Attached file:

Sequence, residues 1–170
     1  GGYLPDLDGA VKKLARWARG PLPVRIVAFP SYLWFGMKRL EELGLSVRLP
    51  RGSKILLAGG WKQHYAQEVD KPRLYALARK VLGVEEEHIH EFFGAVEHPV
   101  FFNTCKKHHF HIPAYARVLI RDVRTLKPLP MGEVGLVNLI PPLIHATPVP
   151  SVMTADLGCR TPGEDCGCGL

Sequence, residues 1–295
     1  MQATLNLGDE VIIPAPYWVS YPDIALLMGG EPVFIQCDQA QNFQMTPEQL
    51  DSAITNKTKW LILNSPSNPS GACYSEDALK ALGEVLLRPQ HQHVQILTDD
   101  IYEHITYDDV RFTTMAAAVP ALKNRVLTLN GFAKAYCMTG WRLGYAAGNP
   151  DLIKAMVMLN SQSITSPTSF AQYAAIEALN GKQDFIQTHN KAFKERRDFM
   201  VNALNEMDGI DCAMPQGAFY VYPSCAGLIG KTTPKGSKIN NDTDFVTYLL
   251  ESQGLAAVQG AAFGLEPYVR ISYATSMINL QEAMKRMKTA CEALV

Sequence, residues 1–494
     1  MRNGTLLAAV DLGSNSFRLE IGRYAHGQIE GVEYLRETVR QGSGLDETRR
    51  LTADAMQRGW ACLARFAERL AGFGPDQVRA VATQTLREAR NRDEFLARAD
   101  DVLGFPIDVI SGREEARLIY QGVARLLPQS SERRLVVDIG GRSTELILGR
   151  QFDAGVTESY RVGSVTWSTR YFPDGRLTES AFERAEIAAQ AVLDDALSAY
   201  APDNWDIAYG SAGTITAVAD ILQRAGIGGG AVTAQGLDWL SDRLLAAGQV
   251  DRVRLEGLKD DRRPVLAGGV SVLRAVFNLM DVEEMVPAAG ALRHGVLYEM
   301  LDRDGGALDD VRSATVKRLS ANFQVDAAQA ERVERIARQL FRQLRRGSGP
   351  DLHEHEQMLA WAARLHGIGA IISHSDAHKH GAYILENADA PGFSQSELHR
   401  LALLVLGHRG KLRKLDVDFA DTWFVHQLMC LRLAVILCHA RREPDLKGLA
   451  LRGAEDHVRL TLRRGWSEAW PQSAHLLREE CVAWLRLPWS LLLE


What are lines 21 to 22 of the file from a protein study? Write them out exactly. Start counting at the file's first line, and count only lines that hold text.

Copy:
   351  DLHEHEQMLA WAARLHGIGA IISHSDAHKH GAYILENADA PGFSQSELHR
   401  LALLVLGHRG KLRKLDVDFA DTWFVHQLMC LRLAVILCHA RREPDLKGLA